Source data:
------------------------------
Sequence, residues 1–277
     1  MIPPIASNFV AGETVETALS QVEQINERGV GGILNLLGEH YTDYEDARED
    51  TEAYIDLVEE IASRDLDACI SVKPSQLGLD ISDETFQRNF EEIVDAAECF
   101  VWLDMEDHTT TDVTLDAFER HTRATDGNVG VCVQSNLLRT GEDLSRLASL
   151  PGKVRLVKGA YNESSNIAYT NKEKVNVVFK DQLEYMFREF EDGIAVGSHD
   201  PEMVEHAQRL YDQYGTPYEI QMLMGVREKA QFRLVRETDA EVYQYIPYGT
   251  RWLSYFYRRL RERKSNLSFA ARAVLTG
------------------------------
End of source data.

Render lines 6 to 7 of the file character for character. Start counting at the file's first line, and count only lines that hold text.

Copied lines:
   201  PEMVEHAQRL YDQYGTPYEI QMLMGVREKA QFRLVRETDA EVYQYIPYGT
   251  RWLSYFYRRL RERKSNLSFA ARAVLTG